Some stunning debuts this week from indies. Independent publishers have for years put out some of the most creative and important works of sequential art and stories in the industry.Brothers Jaime and Gilbert Hernandez exemplify what it means to be independent since they first self-published their first comic - Love and Rockets - in 1981 and since then have lent their own voices and experiences into an award-winning collection of stories revolving around recurring characters.
In The Love Bunglers, Jaime Hernandez revisits his longtime character, Maggie, as she reflects on her life and finally finds some contentment after a lifetime of loss and lost opportunities. Some stories transcend the medium and the deepest impressions are made by books that reflect our human existence and this is one of them.
If you like your stories southern fried and dripping with mystery and tension then Southern Bastards #1 by Jason Aaron and Jason Latour is the book for you. This brand new series from Image Comics finds Earl Tubb returning to his hometown of Craw County, Alabama trying to reconcile his past only to learn his past may not be done with him. This one has been buzzing for almost a year and fans and industry colleagues have been anxiously waiting for.
Rai #1 is an exiting new title, a reboot really, that is off to a magnificent start. In the Japan of the future it is under the control of Father, a benevolent overseer, and summons Rai to investigate the first murder in 1,000 years. This conspiracy thriller is reminiscent of Blade Runner with its neo-noir look provided by artist Clayton Crain and the fast moving story by Matt Kindt.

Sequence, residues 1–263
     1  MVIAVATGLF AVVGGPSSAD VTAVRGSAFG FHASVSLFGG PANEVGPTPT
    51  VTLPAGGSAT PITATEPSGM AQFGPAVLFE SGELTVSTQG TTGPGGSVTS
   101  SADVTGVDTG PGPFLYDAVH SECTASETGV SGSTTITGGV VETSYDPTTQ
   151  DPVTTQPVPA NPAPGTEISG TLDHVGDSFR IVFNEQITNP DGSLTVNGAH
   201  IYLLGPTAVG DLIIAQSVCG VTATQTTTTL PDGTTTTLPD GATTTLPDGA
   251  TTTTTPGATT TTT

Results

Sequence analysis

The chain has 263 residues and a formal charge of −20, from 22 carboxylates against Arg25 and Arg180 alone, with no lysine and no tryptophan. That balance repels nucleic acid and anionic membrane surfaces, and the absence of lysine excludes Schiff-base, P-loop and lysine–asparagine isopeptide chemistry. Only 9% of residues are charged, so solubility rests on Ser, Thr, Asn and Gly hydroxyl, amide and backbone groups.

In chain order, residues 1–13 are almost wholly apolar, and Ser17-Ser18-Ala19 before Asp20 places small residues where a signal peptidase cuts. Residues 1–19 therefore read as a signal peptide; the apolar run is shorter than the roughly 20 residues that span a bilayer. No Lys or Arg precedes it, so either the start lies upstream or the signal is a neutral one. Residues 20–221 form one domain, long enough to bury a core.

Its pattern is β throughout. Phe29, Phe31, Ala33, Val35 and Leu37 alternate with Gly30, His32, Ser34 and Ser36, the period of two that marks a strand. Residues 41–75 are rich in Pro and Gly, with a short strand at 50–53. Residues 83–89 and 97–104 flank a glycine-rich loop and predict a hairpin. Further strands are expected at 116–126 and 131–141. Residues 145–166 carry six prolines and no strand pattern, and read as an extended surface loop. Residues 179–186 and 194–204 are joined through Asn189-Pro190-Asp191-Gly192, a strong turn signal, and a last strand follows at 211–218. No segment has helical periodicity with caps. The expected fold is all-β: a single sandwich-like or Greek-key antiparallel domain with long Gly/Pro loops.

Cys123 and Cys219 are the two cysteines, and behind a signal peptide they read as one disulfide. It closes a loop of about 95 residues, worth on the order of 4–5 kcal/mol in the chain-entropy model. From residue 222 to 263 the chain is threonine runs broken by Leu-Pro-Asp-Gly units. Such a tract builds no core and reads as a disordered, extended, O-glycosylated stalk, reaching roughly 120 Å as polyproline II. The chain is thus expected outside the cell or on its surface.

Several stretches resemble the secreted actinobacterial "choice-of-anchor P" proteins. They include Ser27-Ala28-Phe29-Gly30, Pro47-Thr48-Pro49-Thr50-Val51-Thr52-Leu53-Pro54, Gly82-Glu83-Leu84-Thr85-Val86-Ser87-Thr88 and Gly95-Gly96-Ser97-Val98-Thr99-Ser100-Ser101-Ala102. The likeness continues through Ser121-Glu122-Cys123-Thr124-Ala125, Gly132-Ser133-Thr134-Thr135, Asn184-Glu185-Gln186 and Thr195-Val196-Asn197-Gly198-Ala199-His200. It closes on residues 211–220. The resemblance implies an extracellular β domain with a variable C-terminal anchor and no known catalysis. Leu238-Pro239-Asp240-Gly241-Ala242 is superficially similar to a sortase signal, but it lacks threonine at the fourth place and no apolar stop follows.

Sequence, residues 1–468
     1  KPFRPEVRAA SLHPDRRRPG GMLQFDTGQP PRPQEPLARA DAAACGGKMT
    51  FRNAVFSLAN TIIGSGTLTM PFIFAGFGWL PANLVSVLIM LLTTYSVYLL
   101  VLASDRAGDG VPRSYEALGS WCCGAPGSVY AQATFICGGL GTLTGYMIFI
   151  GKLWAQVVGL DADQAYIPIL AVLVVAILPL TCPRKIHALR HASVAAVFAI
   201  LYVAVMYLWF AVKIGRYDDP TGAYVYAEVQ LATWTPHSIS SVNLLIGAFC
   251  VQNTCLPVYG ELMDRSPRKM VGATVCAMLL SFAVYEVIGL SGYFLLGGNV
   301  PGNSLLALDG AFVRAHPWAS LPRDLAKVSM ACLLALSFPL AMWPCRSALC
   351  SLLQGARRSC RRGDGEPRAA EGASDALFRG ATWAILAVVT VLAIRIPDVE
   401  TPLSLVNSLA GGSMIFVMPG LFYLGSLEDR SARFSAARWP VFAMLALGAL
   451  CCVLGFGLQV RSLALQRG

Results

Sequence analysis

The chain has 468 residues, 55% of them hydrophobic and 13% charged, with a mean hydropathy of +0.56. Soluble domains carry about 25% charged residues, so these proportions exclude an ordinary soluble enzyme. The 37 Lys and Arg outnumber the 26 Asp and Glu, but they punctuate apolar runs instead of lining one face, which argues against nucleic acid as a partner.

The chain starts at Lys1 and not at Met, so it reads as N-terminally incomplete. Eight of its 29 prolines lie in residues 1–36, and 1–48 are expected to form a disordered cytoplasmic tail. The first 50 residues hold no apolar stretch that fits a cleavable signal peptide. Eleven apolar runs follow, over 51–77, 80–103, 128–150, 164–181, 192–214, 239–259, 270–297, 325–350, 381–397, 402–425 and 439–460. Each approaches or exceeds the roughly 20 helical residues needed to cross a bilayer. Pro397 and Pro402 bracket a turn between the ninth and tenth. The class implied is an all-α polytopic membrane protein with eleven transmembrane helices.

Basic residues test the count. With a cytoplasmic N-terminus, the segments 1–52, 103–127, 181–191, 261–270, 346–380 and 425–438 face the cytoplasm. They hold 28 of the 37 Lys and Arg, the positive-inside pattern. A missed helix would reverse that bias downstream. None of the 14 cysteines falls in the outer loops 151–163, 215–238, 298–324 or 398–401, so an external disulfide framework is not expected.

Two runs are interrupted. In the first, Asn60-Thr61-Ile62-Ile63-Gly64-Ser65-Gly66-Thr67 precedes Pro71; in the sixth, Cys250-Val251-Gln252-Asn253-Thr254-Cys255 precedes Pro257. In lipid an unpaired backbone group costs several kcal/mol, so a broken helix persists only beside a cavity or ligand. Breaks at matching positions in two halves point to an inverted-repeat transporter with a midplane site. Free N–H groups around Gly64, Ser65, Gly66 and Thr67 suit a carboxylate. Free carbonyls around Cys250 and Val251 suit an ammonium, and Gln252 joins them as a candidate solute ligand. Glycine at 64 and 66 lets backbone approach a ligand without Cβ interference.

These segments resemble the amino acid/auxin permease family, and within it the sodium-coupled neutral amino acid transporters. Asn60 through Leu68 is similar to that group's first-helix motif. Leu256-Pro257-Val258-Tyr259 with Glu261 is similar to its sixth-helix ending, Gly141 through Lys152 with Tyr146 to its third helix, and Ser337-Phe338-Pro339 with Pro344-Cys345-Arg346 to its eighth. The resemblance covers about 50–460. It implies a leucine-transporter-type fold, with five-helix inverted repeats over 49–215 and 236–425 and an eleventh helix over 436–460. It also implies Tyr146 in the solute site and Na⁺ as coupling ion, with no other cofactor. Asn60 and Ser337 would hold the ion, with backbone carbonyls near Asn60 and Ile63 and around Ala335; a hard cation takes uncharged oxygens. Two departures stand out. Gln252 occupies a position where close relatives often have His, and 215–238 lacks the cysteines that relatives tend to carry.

Other notable indies include Dream Police #1 by J. Michael Straczynski and Sid Kotian for Image about cops that patrol the alternate world of dreams. If you're a Battlestar Galactica fan then Dynamite has the origin of Number Six in Battlestar Galactica: Six by J.T. Krul and Igor Lima.
Peter Parker is back and trying to play catch up after Doc Ock resided in his body. Luckily, Dan Slott is as adept at weaving a fresh story with this adult Parker as he was with Doc as Spidey. Now as a scholar and mogul Parker is realizing how better off he is now than he was before. Can a happy centered Parker be as compelling as angsty teen Parker? Yes, and even more so. Grab Amazing Spider-Man #1 from Marvel with art by Humberto Ramos.
Also, out today is Batwoman's first annual under Marc Andreyko with art by Trevor McCarthy and Moritat for DC Comics.